Jeff, this is a fascinating thread. You've really touched on a fundamental of the sailing experience. There are quite a few dynamics involved. Forgive me for spilling from the gut here instead of focusing on a particular quote or two of yours, particulary since you started with so much for us to quote anyway
. So rather then address you specifically, I will spew a bit along the lines of: "To sail or not to sail, that is the question".
We're on our third boat, all of them coastal cruisers (Pearson27, Ericson32, 34). We chose them on factors which most certainly included our practical sailing waters on the Chesapeake. Even if we'd had much more money to spend we would have ended up in the same performance/comfort range. To sail or not to sail ? Well that depends on the reason why we are away from the dock today and how much sailing we've done lately.
Sometimes we just need to go sailing becasue we need a fix. We go out for a few hours and sail whatever direction feels good with the wind and then work our way back. That means if there isn't enough wind for the amount of chop, we'll be uncomfortable, drop sail, and head for shore or maybe a day hook. Incidentally that is now less likely at least in our area since the power boat wakes are in smaller numbers as the fuel prices increase. If we had a boat with less performance that was harder to get going, we'd be giving up sooner too or not even go out to begin with regardless of the steadier footing. We wouldn't just be motoring around out there. I knew someone with an Island Packet who used to joke about not bothering with sailing until it was blowing hard. Of course on the Chesapeake there's plenty of light air, hence our choice for a lighter air boat.
Other times we've got a destination, whether on the way to or from. In those cases we're always disappointed if we don't get at least a few hours of good sailing fix along the way each day. Heck, one July weekend a few years ago we motored all the way to destination and back, racking up 11.5 hours on motor. We actually found a smooth spot on a river with a touch of a breeze and sailed for a whopping 20 minutes. That was so disappointing. We did find a good new gunkhole so it was not all in vain, but if the wind forecast hadn't been so overstated we wouldn't have planned to go that far in the first place.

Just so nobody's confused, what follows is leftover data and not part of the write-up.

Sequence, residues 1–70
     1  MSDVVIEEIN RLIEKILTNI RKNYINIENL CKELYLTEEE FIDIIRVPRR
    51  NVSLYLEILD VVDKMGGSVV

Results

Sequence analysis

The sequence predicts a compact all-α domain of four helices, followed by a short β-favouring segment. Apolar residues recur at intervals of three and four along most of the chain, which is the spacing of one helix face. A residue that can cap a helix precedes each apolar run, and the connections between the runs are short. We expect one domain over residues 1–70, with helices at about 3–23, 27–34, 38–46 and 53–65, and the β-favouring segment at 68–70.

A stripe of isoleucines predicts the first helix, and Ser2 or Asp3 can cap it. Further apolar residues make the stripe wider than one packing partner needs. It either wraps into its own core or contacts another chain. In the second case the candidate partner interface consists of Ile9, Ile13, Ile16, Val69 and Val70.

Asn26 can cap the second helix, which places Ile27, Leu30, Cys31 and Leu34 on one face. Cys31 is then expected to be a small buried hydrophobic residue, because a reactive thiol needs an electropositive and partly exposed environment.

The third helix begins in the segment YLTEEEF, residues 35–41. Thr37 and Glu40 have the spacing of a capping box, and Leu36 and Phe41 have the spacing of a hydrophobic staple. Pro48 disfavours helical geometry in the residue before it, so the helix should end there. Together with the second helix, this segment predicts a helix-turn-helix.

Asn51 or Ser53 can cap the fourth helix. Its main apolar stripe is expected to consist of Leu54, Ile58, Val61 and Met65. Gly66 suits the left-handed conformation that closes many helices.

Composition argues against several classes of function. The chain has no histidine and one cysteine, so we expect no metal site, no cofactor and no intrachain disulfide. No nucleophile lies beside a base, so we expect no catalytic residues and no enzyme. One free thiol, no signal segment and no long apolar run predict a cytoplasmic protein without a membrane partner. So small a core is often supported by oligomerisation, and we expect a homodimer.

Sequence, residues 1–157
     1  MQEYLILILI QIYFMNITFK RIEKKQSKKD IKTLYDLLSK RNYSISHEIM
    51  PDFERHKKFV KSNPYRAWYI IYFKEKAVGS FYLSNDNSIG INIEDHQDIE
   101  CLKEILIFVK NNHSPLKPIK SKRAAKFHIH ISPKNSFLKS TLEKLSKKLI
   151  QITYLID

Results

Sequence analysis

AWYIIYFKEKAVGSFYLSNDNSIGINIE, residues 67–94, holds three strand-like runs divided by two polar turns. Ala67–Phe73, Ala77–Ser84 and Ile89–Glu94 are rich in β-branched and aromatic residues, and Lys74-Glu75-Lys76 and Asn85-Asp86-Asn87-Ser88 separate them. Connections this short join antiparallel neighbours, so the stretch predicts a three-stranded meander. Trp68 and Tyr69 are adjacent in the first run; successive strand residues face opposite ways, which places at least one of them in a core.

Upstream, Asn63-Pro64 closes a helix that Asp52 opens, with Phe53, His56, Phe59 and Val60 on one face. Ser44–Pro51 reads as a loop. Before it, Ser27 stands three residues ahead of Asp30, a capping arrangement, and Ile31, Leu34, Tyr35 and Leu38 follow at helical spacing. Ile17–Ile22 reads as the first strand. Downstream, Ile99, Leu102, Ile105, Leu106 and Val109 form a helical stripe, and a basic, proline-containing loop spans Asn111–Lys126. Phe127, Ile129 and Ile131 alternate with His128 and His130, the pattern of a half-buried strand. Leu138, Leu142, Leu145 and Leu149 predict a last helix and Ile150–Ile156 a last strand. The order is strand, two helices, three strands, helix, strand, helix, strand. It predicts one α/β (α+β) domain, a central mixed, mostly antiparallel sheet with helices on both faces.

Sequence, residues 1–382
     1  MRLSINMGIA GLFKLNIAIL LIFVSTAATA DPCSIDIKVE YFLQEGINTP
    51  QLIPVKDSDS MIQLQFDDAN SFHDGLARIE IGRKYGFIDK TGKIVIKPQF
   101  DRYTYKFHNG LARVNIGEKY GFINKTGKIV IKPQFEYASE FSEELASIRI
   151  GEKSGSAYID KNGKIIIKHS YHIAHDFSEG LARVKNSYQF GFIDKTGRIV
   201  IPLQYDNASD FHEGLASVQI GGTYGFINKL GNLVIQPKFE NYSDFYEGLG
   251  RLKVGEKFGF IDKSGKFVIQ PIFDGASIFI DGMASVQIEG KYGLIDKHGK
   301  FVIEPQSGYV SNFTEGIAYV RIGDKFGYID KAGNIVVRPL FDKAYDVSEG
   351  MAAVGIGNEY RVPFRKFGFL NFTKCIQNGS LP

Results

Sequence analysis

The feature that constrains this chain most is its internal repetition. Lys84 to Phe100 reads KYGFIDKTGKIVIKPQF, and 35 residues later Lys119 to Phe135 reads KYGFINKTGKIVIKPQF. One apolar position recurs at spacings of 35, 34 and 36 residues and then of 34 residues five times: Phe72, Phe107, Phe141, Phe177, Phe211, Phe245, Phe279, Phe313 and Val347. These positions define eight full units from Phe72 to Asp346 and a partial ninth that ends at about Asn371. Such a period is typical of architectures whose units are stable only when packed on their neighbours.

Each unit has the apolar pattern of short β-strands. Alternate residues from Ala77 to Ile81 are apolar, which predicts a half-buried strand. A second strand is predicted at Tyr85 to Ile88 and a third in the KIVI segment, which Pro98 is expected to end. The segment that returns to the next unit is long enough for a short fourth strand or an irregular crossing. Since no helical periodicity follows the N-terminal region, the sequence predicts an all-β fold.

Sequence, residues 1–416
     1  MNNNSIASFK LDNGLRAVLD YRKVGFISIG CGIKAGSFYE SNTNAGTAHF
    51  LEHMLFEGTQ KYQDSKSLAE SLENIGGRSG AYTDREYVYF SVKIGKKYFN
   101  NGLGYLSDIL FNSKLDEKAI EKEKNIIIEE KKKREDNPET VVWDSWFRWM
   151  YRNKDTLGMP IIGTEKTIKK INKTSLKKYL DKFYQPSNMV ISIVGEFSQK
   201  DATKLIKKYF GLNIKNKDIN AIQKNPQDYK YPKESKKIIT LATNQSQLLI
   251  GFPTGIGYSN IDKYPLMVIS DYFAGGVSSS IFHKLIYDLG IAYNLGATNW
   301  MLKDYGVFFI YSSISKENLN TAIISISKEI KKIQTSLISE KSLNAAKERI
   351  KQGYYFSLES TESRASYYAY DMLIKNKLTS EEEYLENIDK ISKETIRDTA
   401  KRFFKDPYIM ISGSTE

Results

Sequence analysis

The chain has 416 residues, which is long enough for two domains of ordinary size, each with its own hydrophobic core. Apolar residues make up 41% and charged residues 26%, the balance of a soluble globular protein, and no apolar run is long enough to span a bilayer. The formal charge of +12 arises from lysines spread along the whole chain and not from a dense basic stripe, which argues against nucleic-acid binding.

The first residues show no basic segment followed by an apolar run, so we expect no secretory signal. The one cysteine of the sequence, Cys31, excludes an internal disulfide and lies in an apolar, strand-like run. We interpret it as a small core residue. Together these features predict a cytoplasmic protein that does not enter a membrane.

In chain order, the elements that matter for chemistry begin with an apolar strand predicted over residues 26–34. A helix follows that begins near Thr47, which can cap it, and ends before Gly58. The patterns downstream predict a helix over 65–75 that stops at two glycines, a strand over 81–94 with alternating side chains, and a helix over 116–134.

When there is a destination, the decision to sail or not to sail at a particular moment is full of uncertainty and a very judgemental one when the winds are up. With low winds it's a no brainer. Once we've gotten a few hours of sailing in each day, our threshold for dropping sail is lowered. Then as we near the other end, we're more prone to sailing the rest of the way in. If we threw in the parameter of having less performance, the sailing time would suffer. After ten years exploring the Chesapeake, the pressure to venture further to new unexplored places increases, so I expect that eventually our motoring time will increase too. I do know at one extreme that if it's blowin' like stink, we'll be sailing unless we've got a tight channel or too much channel traffic and the wind is on the nose.
Your story indicated that your friend could have sailed in the plentiful winds this past weekend and had about the same transit time result. If I had been your friend in the other boat, I would have gotten the sails out for such a voyage at least when they became strong. While we did not have children, we've had experience with children of all ages on our boat sometimes for several hours at a time (BTW- NEVER let a two year old near a winch handle, much less get hold of one
). I can see how for people sailing with children on a regular basis it would sometimes be a downward pressure on the sailing decision, depending on the current family dynamics. One of our slipmates is a devoted sailor who can be heard in the slip laying the ground rules for his teenagers and their friends about even the presence of cell phones or a walkman before they head out. Those kids have been busted for text messaging too much. He has made them leave electronics ashore. It sounds like a challenge and he's not about to give in. He says what's the point of going sailing if you're going to be looking at and poking at your cell phone keyboard for hours ?
Some adult guests are a challenge for whom I must tailor the experience also. If they don't like the boat heeled much, then I just won't consider taking them far or long when better winds are a possibility. If people aren't up for the whole experience then the planned voyage is going to be curtailed. Perhaps that could be considered controlling, but it is after all a SAILboat.